By Jon Verity
It is reasonable that citizens ask the city to explain why it is focused on redevelopment of the marina parking lot. Beaufort City Council directed the Redevelopment Commission to pursue the project in 2011 when they approved Sector 1 of the Civic Master Plan. There have been many public meetings, documents and press releases about the project since then.
Focusing on downtown, the city spends about $600,000 more per year providing services than it collects in revenue. Public safety services alone cost more than $900,000 per year.
The Henry C. Chambers Waterfront Park is particularly expensive. It is built above the water on a concrete structure. Every cave-in you see in the park costs about $15,000 to repair. This year, the city will spend about $48,000 per acre on the 13-acre park in operating and debt service costs. A few years ago, the city spent $8 million in repairs and upgrades to the waterfront.
This financial situation would be manageable if we had stronger demographics and a healthier business climate. Parris Island graduations and bus tour visitors basically keep the lights on for the majority of businesses. Downtown businesses have had to focus on the winter season tourists to survive. Most downtown businesses do all right from October to May, struggle through the summer, and hope they end the year with a small profit.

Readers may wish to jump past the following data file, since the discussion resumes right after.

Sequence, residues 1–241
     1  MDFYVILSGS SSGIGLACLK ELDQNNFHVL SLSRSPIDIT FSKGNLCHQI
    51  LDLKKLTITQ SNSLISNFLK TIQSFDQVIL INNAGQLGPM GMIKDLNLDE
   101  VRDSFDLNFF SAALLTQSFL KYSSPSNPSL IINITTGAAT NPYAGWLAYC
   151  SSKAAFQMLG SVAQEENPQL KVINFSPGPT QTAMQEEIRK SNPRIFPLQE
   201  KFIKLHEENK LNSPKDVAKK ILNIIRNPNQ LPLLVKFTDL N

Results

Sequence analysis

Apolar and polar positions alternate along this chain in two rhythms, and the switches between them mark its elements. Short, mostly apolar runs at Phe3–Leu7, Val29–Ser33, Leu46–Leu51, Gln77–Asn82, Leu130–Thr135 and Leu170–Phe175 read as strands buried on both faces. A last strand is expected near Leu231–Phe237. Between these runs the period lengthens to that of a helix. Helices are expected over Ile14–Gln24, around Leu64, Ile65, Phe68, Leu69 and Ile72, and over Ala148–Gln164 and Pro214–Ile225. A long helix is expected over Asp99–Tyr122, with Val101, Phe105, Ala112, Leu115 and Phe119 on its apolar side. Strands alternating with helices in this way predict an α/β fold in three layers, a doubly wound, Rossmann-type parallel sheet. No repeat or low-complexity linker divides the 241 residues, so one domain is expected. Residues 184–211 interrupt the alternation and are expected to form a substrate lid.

Rents downtown range from about $5-14 per square foot, which is barely adequate for many building owners to maintain their properties.
Beaufort’s residents can’t do much to help:
• Beaufort’s population dropped 4.5 percent from 2000 to 2010 and is still not back to the 2000 level of 12,956.
• Our per capita income dropped 38 percent between 2007 and now, and unemployment has risen to about 8 percent.
• As much as 20 percent of the properties downtown west of Charles Street to Bladen Street are now either abandoned or vacant, providing minimal tax revenue and no customers for merchants.
The solution we are pursuing at the marina is to bring more people into the core of the city as residents and multi-day tourists. We need to manage this transition without harming those who have invested in downtown or damaging the way of life that makes Beaufort special.
The Redevelopment Commission believes that in The Furman Company, Chaffin and Light and their planners, Design Workshop, we have found partners who can accomplish these goals while honoring Beaufort’s National Historic Landmark designation, architectural heritage and special sense of place.
Ultimately, the city may choose a more park-like setting than has been suggested in the Civic Master Plan, but the real issue here is how to get the city of Beaufort on a more sustainable economic path. We need more people living in the downtown area and more multi-day visitors to accomplish that goal. We would welcome more discussion about how to achieve that objective.
There is a lot of energy about this topic — let’s work to channel that energy into a positive outcome for us all, for both the short-term and long-term future of Beaufort.
Jon Verity is the chairman of the Beaufort Redevelopment Commission.